Shands Closes Burn Unit After Bacterial Outbreak

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The Gainesville Sun and First Coast News have reported that seven to eight patients in the UF Health Shands Hospital burn unit have tested positive for a bacterium that can lead to a fatal infection, according to the hospital’s chief medical officer, Dr. Timothy Flynn. The infections were documented between March and July 22.
The bacterium, acinetobacter baumannii, lives on surfaces and in soil and can spread through human contact or medical devices. Although the hospital has not yet determined the cause or date of when the bacterium was introduced to the hospital, molecular testing suggests the spread came from a single source.   “While the bacterium does not usually cause illness in healthy people, it can cause infection in severely immune-compromised individuals, such as burn patients. Nationally and internationally, this organism is recognized as a major cause of infections in hospitalized patients,” said Rosanna Passaniti, Shands Media Relations Coordinator, UF Health Communications. 
 
Flynn said that some of the infected patients were successfully treated and that the results depended on the health and degree of burns the patients had prior to the infection. He also said the hospital tried to avoid using the only antibiotic known to treat acinetobacter baumannii, called Colistin, because it can be toxic to the kidneys.
In early March, the first patient at UF Health Shands Hospital tested positive for the bacteria, and the other six tested positive in late May. Hospital personnel were aware of the bacteria, but the outbreak was not reported to the health department.  “Once it was clear that this was not an isolated case, steps were taken to move (uninfected or newly admitted) patients off the (burn) unit,” representatives said, to prevent more patients becoming infected.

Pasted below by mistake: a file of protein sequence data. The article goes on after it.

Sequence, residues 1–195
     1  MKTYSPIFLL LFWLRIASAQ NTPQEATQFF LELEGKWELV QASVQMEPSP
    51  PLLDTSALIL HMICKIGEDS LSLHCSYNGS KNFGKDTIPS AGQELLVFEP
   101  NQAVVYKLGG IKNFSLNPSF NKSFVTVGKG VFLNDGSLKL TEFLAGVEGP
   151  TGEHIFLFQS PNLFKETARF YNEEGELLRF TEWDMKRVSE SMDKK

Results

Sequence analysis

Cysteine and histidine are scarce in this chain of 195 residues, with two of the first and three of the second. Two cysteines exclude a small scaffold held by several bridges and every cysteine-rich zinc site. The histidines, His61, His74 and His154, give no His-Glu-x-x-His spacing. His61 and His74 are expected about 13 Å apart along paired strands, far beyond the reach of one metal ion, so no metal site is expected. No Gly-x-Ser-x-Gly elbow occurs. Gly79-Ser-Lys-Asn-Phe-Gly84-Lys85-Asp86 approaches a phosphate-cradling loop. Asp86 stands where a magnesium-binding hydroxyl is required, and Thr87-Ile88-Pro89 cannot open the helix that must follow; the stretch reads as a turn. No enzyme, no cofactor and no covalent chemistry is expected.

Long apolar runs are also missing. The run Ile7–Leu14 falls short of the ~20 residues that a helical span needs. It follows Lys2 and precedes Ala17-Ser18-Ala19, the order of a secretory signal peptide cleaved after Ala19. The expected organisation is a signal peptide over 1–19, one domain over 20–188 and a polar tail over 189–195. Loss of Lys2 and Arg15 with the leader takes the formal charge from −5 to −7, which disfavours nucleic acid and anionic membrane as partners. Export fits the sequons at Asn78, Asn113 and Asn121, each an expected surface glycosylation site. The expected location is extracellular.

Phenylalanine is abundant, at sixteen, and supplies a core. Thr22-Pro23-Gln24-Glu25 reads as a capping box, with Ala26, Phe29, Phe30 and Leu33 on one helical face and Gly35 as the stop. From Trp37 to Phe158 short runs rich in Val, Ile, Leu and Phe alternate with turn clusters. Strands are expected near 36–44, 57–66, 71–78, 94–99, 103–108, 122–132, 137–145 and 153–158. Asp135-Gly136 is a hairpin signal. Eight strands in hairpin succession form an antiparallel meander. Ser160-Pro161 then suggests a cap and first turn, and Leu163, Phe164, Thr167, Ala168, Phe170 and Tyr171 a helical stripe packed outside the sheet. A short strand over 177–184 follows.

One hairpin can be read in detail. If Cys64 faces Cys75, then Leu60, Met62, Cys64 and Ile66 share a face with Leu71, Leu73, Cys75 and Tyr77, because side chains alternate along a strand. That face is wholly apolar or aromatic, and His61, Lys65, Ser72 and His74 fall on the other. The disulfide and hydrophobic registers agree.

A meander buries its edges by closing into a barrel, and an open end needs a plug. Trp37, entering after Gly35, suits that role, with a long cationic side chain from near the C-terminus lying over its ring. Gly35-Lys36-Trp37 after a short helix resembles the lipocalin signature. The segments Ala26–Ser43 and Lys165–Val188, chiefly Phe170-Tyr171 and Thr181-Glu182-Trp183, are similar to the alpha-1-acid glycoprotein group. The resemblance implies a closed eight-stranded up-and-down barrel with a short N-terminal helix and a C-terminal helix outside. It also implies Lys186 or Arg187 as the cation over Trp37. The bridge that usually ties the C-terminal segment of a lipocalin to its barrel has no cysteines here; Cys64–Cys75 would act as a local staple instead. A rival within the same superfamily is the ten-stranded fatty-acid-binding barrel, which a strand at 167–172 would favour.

The hospital has now closed the burn unit for renovations, surveillance cultures have been conducted throughout the hospital, according to Flynn, and they are using the incident as an opportunity to reexamine their cleaning and infection-control procedures.
 
© AlexRaths The outbreak of acinetobacter baumannii at Shands mirrors a growing trend across the country and world of antibiotic-resistant bacteria causing deadly infections in hospitals’ sickest patients. Dr. Brad Spellberg, an infectious disease expert at UCLA, estimates there are roughly 50,000 cases of this bacteria annually in the U.S., and 20 times that in the world. It is also common in returning troops from Afghanistan and Iraq, many of whom were contaminated through soil.
 

In hospitals, the bacteria often are transmitted from devices such as IVs, urine catheters and blood pressure cuffs, said Dr. Alex Kallen, an infectious disease specialist at the Centers for Disease Control and Prevention in Atlanta.  Kallen said hospital and hygiene also play a role. For example, health care workers who change the dressings on two different patients without first washing their hands can transmit it.  “Uncleaned medical equipment can play a huge role,” Kallen said. “Most places that have a problem with this require a reassessment of cleaning within the rooms.  “It is a very hearty organism and can survive in an environment for a very long time,” he continued.

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